Jump to content

Search the Community

Showing results for tags 'hollow vessel'.

  • Search By Tags

    Type tags separated by commas.
  • Search By Author

Content Type


Forums

  • The Woodworking Discussion Forum
    • Introduce Yourself
    • General Woodworking
    • Wood Turners
    • Finishing
    • Wood Carving
    • Hand Tools
    • Scroll Sawing
    • CNC
    • Shopsmith
    • Show Us Your Woodworking Shops
    • Machinery, Tools, Research, Reviews and Safety
    • Plans and Software
    • The Veterans Corner and Causes Forum
  • The Old Machinery Discussion Forum
    • Old Woodworking Machinery
    • Old Metalworking Machinery
    • Old Machinery Operating and Restoration Tips
    • Old Machinery Badges and Decals
    • Old Machinery Swap and Sale, Classifieds
    • Old Machinery Hitching Post
    • Old Woodworking Machinery Archive
  • The Home Improvement Forum
    • Home Improvement
    • Patio and Outdoors
  • The Scrap Bin
    • Free for All
    • The Patriot's Pulse
    • Announcements
    • Network Tutorials
    • Bugs and Issues

Categories

  • Honoring the Fallen
  • Warrior's Christmas

Categories

  • Glossary

Calendars

There are no results to display.

Categories

  • Book and Literature
  • CNC Files
    • CAD Files
    • CAM Files
    • CNC Reference and Tutorials
  • General Woodworking
    • Shop Charts
    • Shop Jigs
    • Shop Furniture
    • Arts and Crafts
    • Furnishings
    • Musical Instruments
    • Wooden Toys
    • Yard and Outdoors
  • Home Improvement
  • Old Machinery Manuals
  • Old Machinery Badge & Decal Images
    • Beaver Power Tools-Callander Foundry
    • Delta Specialty Co.
    • Delta Mfg. Co.
    • Delta Milwaukee
    • Delta Rockwell
    • Walker Turner
    • Sears Companion
    • Sears Craftsman
    • Sears Dunlap
  • Sketchup Sharing Center
    • Furnishings
    • Shop Jigs
    • Arts and Crafts
    • Sketchup Tutorials
  • Scroll Saw Patterns

Blogs

  • Building A Walnut Shotgun Case
  • Military Challenge Coin Display Build
  • SJUSD Veterans Recieve Plaques from Patriot Tigers
  • The Pastor’s Table or I Think My Sister Is Trying To Buy My Way Into Heaven
  • Small Patch Musings and Such
  • Steve Krumanaker
  • Christmas 2016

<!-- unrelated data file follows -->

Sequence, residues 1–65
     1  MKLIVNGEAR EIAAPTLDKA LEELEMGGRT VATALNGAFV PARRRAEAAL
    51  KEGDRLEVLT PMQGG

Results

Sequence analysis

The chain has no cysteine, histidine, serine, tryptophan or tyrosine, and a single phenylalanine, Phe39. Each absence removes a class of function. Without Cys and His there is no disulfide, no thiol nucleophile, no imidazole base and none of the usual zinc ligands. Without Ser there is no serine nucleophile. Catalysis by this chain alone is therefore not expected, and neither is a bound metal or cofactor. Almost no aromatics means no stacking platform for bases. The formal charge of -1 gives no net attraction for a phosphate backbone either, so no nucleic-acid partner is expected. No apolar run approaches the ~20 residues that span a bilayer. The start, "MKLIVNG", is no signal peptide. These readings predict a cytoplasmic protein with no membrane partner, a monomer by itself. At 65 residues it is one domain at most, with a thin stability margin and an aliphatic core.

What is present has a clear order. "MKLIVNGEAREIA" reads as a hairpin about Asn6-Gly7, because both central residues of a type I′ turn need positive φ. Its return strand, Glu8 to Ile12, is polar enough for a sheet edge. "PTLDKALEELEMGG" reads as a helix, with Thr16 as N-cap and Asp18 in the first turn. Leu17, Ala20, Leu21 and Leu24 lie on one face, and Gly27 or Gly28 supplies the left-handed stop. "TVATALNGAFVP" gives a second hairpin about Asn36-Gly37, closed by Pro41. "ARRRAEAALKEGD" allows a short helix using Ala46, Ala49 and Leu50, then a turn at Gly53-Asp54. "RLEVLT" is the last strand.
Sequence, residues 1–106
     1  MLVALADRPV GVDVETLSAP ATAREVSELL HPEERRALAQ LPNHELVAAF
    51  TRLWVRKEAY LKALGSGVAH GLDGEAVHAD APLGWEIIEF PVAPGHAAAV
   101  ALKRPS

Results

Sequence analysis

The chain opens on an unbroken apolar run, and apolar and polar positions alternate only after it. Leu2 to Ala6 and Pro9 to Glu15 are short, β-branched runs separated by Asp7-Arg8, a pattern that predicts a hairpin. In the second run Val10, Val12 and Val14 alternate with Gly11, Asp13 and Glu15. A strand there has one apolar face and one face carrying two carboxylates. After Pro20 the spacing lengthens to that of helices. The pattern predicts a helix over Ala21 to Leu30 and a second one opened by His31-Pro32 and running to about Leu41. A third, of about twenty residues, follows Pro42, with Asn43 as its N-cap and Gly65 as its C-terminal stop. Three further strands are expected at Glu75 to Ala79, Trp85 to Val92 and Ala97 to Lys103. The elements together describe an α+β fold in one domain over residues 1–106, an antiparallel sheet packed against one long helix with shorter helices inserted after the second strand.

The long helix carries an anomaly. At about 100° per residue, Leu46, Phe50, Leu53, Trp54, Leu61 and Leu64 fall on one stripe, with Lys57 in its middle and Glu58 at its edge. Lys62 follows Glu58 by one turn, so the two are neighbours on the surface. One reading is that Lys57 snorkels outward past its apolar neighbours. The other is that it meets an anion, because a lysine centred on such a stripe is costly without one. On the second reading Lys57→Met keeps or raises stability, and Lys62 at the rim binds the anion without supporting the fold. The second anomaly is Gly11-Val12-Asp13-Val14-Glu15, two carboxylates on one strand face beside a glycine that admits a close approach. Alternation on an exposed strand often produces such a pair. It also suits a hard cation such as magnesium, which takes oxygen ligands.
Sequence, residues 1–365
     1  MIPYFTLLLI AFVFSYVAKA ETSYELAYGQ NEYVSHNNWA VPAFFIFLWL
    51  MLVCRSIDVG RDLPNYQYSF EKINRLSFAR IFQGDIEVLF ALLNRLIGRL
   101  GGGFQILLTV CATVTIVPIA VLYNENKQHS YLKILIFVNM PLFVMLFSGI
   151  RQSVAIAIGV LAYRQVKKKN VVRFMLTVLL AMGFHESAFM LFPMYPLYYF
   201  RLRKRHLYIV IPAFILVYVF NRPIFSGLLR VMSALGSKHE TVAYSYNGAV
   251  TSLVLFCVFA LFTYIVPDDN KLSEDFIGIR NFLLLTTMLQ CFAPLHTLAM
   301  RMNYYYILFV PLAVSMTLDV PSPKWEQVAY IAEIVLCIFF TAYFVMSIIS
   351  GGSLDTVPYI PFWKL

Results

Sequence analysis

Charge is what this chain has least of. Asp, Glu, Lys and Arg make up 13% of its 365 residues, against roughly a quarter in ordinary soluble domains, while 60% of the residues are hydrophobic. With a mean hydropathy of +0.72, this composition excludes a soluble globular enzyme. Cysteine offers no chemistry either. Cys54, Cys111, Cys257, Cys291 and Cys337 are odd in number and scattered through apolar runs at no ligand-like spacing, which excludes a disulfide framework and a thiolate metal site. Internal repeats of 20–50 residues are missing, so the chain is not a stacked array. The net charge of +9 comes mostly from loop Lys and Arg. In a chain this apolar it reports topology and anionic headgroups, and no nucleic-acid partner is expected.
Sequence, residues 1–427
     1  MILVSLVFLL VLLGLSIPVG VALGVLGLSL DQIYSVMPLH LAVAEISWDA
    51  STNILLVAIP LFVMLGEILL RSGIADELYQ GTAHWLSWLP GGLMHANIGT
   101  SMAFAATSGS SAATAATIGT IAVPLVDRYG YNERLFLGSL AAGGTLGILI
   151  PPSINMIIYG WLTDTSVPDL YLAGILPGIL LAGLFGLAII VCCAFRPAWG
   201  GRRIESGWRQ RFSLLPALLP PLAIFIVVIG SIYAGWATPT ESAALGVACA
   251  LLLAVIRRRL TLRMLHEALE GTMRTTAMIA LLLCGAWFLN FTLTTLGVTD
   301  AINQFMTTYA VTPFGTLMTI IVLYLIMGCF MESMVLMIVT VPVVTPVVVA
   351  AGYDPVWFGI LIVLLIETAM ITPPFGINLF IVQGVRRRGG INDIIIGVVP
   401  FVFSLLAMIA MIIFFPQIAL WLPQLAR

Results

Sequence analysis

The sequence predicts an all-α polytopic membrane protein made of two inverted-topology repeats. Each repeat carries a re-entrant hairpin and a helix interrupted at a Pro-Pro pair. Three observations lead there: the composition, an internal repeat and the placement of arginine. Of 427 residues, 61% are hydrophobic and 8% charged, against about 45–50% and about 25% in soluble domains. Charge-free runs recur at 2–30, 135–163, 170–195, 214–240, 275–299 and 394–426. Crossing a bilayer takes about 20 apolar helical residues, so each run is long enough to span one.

• Photography
  • Cherry Entertainment Center
  • Another Church Table
  • Inside Out Turning
  • Segmented Turning
  • Canon Ball Bed
  • Situation Normal, All Fired Up
  • DUST COLLECTORS 101
  • Workbench PIP
  • Republishing the French Rolling Pin blog
  • Thickness Sander
  • Shopsmith lathe setup
  • Drying Turned Wood
  • New Projects, shop stuff, new tools,
  • Bill Kappel
  • Bowl Drying Adventures
  • Chess set

Product Groups

There are no results to display.

Categories

  • Members
  • Sponsors
  • Administrators
  • Forum Hosts

Find results in...

Find results that contain...


Date Created

  • Start

    End


Last Updated

  • Start

    End


Filter by number of...

Joined

  • Start

    End


Group


First Name


My Location


My Woodworking Interests


My skill level is


Website URL


Favorite Quote


AIM


MSN


ICQ


Gmail


Yahoo


Jabber


Skype


Facebook URL


Twitter Feed URL


Twitter Feed URL


My Clubs and Organizations

Found 8 results

  1. Please keep @John Morris and his family in your prayers. John lost his Dad this week. Our Patriot Turners- @kreisdorph received a new toy this week- Please avoid drooling on the unpainted surfaces- we don't want no rust! Thanks everyone for the continued support of our 2 running post of "What' On/Off Your Lathe"- ON- @Gerald and @calabrese55 added their projects and some updates Catch up up here- And OFF- @User74, @RustyFN and @kreisdorph posted what they finished- More images and information about each of these projects are at- What’s Coming Up- Click on the following images for links to registration and more information- For The Newbies- Jim Rodgers demonstrates how to make a couple of helpful turning tools to add to your arsenal- Craft Supplies USA posted a nice video using some of their exotic species for making projects. Some good tips on working with exotics. Expand Your Horizons- Mike Peace demonstrates several embellishing tools- Alan Stratton turns some unique flowers for mothers day. Check out the materials he uses for the stigma and stamen! @Gerald's hollow form reminded me of this one turned by Carl Jacobson- New Turning Items- This item has been available from Woodturners Wonders for awhile. Mike shows how to set it up and runs it through its paces. Also from Woodturners Wonders, a sale on Yellowhammer HSS turning tools https://woodturnerswonders.com/collections/yellowhammer?_kx=gV5SF2As_3IwtBi5TrpHVQM0F3UvGVbQKzhWGippDlk.VJvU8R Everything Else- Trying to use up those little pieces of wind shake cherry by making tiny vases for Mimi. I tried pure beeswax on these an buffed them with an old T-shirt but they feel sticky. I think I will burnish them with shavings, again, and see what they look like. I have some Hampshire Sheen wax that might be better. My predicament now is how to reverse chuck them, to finish the bottoms. The entry holes are not identical in diameter. Thinking on making an expandable piece to fit into the holes The piece will need to be adjustable to take care of the minor variations in diameter. Safe turning